Vanderbilt Law Review

First Page



Homosexuality refers to relations between men or between women who experience an exclusive or predominant sexual attraction toward persons of the same sex. It has taken a great variety of forms through the centuries and in different cultures. Its psychological genesis remains largely unexplained. Basing itself on Sacred Scripture, which presents homosexual acts as acts of grave depravity, tradition has always declared that "homosexual acts are intrinsically disordered." They are contrary to the natural law. They close the sexual act to the gift of life. They do not proceed from a genuine affective and sexual complementarity. Under no circumstances can they be approved.'

The Catholic Church remains, like so many institutions, troubled by its inability to explain the origins of homosexuality. In the face of its confusion, the Church has justified continuing condemnation of gays, lesbians, and bisexuals as living in opposition to "natural law." It was the Church itself, led by figures such as Augustine, that popularized a natural law outlook in medieval Western society and originated the view that engaging in sexual activity is immoral unless it occurs within the confines of marriage to an opposite-sex partner and for the purpose of procreation. A significant proportion of Americans today share this "natural law" stance; a majority, while eschewing a distinction between procreative and nonprocreative sex, disapprove of homosexual sex under any circumstances. Such views can be justified in part because homosexuality's "genesis remains largely unexplained" despite the fact that various disciplines, including biology, psychology, and sociology, have had more than one hundred years to wrestle with the issue. The inability to answer these questions, however, stems more from cultural assumptions and biases rooted in the United States' Judeo- Christian tradition, which obscure genuine scientific understanding. These biases have also played a role in the development of our legal tradition, although it was not until the last century that legislators in many jurisdictions shifted their focus from general sexual immorality to the regulation of homosexual conduct. This shift corresponded with the "invention" of homosexuality as a "distinct category of person."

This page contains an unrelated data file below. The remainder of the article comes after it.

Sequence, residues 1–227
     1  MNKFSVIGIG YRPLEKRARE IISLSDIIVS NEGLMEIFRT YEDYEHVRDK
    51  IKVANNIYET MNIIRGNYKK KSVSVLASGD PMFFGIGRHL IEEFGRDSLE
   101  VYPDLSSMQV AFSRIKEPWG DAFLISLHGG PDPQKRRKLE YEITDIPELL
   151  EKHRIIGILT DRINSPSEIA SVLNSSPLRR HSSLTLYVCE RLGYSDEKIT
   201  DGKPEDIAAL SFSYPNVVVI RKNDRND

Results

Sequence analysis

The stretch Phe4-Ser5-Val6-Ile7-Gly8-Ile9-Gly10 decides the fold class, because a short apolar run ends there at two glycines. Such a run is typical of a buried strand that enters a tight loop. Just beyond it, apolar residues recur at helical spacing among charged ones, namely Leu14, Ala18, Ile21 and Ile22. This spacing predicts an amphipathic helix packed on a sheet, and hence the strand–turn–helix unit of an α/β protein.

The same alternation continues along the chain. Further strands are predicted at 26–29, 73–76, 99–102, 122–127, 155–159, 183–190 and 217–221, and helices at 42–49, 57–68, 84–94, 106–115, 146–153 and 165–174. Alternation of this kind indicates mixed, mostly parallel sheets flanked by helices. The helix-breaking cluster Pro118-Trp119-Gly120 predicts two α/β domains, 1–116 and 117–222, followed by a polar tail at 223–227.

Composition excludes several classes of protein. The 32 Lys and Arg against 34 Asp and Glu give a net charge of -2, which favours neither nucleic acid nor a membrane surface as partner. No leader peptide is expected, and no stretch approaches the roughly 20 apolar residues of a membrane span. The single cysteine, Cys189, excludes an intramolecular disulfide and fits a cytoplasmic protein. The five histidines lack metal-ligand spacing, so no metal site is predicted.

In Lawrence v. Texas, the Supreme Court held that the Constitution protects private, consensual, homosexual conduct. The petitioners in that case made a tactical decision to argue for the unconstitutionality of Texas' sodomy laws by relying on the right to privacy embedded in the substantive due process guarantees of the Fourteenth Amendment. Given the development of the Supreme Court's jurisprudence in this area, and in particular the predilections of the more moderate members of the Court, this was probably the wisest course, and it achieved the desired result. Yet our nation's efforts to exclude gays from the protections afforded other groups in the context of civil rights, marriage, and, until recently, consensual sexual relations, also violate the Constitution's Establishment Clause. It is upon this basis that questions regarding the status of gays should ultimately be resolved if gays are to achieve full personhood under the law.

Part II of this Note describes the Court's past and present approaches to the status of gays, highlighting the profound shift that occurred in Lawrence. Part III explores the Court's somewhat convoluted establishment jurisprudence and argues for Lemon's survival through modification. Part IV asserts that Judeo-Christian morality, while an important part of our cultural traditions and a powerful force in our legal thinking, is an illegitimate foundation upon which to build a stable legal regime, especially in light of the Establishment Clause.

Since Muller v. Oregon," the Supreme Court has entertained so-called "Brandeis briefs," documents containing data and other information to help the Court achieve a reasoned result. Accordingly, Part V examines scientific research regarding homosexuality and homosexual behavior, which reveals that the line between gay and straight is much more tenuous than antigay advocates would claim, undercutting the "otherness" of gays and further delegitimizing arguments that they should be denied full personhood under the law. Finally, Part VI asserts that a context- specific modification of the Lemon test applied in the face of legislation motivated solely or primarily by moral concerns serves as a more legitimate ground for decisionmaking than substantive due process, which, while effective in protecting privacy, may need to be expanded significantly by courts to strike down antigay marriage legislation and ensure gays full civil rights. Although much of the Supreme Court's substantive due process jurisprudence discusses the illegitimacy of naked morality as a basis for law, such assertions function at the periphery of the clause's core individual liberty concerns. An establishment approach provides a more logical, stable, and legitimate answer to the issues of gay marriage and civil rights waiting over the horizon.